You see where this is going, right? Since chloramines are more stable, i.e. they don't dissipate as quickly as chlorine, they can add a lot less chloramines compared to chlorine. So they use chloramines to save money.
That's the actual reason municipal water treatment facilities have switched to chloramine in recent years.
They also say that there's an advantage to chloramines, as they produce less trihalometans and haloacetic acids compared to chlorine (remember I already told you about how chlorine tends to react with organic substances in the water, thus creating carcinogens).
Well, okay, that's true, but the reason chloramine produces less "carcinogens" is that it's less reactive, and it's not doing as much as ample chlorine.
Allow me to explain: comparing chlorine and chloramine effectiveness, the former is 2000 times more likely to inactivate e-coli, and 100,000 times more effective with regard to inactivating retroviruses.
So there you have it. Chloramine's "lack of reactivity" means that it's more or less useless, as in it doesn't produce any benefit for your water safety compared to chlorine when put in the water. Currently speaking, according to conservative studies, at least 77 million Americans have their water "disinfected" with chloramine, or roughly 25 percent of the US population.
This is a growing trend, because more and more municipalities want to save the money.
As chloramines decay over time and release free ammonia, which means you'll end up with free ammonia in your water supply.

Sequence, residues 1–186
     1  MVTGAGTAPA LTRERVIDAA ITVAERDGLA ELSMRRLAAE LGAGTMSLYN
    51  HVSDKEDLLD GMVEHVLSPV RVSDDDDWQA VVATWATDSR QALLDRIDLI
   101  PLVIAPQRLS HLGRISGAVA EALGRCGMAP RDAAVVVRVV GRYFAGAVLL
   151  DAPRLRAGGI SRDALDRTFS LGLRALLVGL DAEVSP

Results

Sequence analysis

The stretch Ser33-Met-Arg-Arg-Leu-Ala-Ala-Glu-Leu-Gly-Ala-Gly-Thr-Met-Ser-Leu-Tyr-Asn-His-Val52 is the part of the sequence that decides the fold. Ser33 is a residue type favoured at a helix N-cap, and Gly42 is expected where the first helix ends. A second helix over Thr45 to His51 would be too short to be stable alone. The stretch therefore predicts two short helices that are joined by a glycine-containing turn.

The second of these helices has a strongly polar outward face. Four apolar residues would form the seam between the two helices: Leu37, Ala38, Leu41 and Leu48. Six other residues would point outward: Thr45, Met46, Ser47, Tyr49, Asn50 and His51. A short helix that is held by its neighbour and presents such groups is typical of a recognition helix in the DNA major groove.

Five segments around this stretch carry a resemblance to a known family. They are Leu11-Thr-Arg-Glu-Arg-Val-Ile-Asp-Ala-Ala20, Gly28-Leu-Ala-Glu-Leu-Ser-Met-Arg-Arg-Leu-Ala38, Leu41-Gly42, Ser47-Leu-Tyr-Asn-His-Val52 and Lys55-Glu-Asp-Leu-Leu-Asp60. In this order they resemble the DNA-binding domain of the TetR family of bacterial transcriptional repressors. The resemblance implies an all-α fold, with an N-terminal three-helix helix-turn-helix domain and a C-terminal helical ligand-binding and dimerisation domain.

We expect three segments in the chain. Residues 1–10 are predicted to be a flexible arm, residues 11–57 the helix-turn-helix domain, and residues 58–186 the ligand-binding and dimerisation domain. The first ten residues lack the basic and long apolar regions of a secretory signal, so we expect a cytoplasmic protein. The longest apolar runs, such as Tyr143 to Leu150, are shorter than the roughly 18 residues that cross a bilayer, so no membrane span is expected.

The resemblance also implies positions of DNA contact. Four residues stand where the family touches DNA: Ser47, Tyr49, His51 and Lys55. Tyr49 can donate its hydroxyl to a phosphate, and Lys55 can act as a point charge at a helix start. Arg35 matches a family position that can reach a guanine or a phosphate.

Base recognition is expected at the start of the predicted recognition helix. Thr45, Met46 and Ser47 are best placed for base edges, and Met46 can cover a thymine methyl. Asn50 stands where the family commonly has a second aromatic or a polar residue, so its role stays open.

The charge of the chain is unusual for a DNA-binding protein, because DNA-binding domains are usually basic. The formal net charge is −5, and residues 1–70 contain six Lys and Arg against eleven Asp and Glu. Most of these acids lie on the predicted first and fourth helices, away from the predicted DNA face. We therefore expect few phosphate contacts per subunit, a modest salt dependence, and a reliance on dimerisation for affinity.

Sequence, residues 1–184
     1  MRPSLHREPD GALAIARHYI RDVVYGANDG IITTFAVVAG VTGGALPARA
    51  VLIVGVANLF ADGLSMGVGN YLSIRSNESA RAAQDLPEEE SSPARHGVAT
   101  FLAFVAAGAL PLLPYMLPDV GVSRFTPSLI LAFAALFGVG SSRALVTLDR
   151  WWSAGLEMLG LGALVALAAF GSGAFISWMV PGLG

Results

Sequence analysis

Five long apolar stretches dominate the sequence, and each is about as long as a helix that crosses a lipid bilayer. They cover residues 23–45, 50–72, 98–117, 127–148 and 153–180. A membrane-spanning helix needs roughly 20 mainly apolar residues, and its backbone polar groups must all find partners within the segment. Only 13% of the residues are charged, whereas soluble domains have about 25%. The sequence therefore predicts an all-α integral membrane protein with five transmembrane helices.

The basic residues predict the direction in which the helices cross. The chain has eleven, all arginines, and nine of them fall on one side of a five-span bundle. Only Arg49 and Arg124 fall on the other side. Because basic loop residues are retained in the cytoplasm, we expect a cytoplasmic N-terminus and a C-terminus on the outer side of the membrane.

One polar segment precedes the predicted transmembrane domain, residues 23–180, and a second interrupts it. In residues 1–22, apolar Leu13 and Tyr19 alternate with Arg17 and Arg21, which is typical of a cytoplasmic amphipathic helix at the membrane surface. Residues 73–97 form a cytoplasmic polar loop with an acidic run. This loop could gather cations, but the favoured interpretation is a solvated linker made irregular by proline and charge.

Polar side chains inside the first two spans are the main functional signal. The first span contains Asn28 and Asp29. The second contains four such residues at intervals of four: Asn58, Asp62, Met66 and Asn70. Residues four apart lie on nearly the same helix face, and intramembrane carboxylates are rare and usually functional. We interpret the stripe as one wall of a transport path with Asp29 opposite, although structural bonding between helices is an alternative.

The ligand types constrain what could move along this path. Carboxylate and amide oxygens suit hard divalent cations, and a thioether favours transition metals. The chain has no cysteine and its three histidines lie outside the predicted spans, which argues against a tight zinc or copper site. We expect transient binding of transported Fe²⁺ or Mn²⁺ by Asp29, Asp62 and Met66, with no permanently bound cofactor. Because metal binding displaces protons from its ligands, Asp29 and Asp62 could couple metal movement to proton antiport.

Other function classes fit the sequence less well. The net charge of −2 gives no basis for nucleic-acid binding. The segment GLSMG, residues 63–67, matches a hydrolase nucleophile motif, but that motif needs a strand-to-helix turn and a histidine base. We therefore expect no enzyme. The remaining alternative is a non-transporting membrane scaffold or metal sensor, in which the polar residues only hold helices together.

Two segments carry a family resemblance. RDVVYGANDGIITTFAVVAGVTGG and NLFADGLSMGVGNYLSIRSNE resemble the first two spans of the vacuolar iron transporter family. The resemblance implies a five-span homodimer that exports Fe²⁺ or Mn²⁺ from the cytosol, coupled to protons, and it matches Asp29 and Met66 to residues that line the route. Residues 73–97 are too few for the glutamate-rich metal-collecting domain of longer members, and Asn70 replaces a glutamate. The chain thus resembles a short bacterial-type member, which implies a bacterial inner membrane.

Ammonia is a certified poison. It's also an excellent food source for bacteria. When bacteria in the water are thriving by eating ammonia, that is going to reduce the PH of the water, rendering it more aggressive, as in more corrosive. Basically, that means it will damage your pipes. As bacteria are having a good time eating ammonia, they will create nitrates in the water, a byproduct of their metabolism. This is another contaminant created by chloramines.
And another side effect is that these bacteria start to create a film inside the pipe (biofilm), which creates slimy pipes (aka bioslime). Moreover, the biofilm created by bacteria feeding on ammonia will dramatically shorten the life-span of the pipes. To make it simple, the pipes coated in biofilm are prone to corrosion, lead leaching, brass failures, pinhole leaks in copper plumbing which leads to mold growth in your home, rubber and elastomer decay, causing leaks in sealed joints and fittings etc.
Finally, there are health risks associated with chloramines: damage to digestive mucosa, as ammonia aggravates digestive disorders.
When inhaled (as you bathe), its fumes may cause a person to become congested, and provoke coughing, sneezing, choking, wheezing, shortness of breath, and asthma.
Skin exposure to ammonia in the water may break down cell structural proteins, i.e. your skin will become scratchy, itchy, and tight.
There's very limited research on chloramine effects on human health by the EPA, including zero studies on dermal and respiratory issues. And that's quite striking, considering that the government is supposed to protect you, and all that crap they tell you on TV.
I mean, it's common sense: before putting that stuff in the water millions of people drink, you first make sure it's safe, right? Wrong. Don't panic though, they're working on it.
Meanwhile, they’re switching from chlorination to chloramination as quickly as they can. The good news is that Multipure water filtration systems do a good job at reducing chloramines from water via chemisorption and catalytic reduction.
The Aquadome, Aquaversa, Aquaperform and Aqualuxe water filtration systems from Multipure are NSF certified to reduce chloramines and ammonia, so if you're in the 24 percent of the US population who "benefits" from chloraminated water, you know what's best for you, right?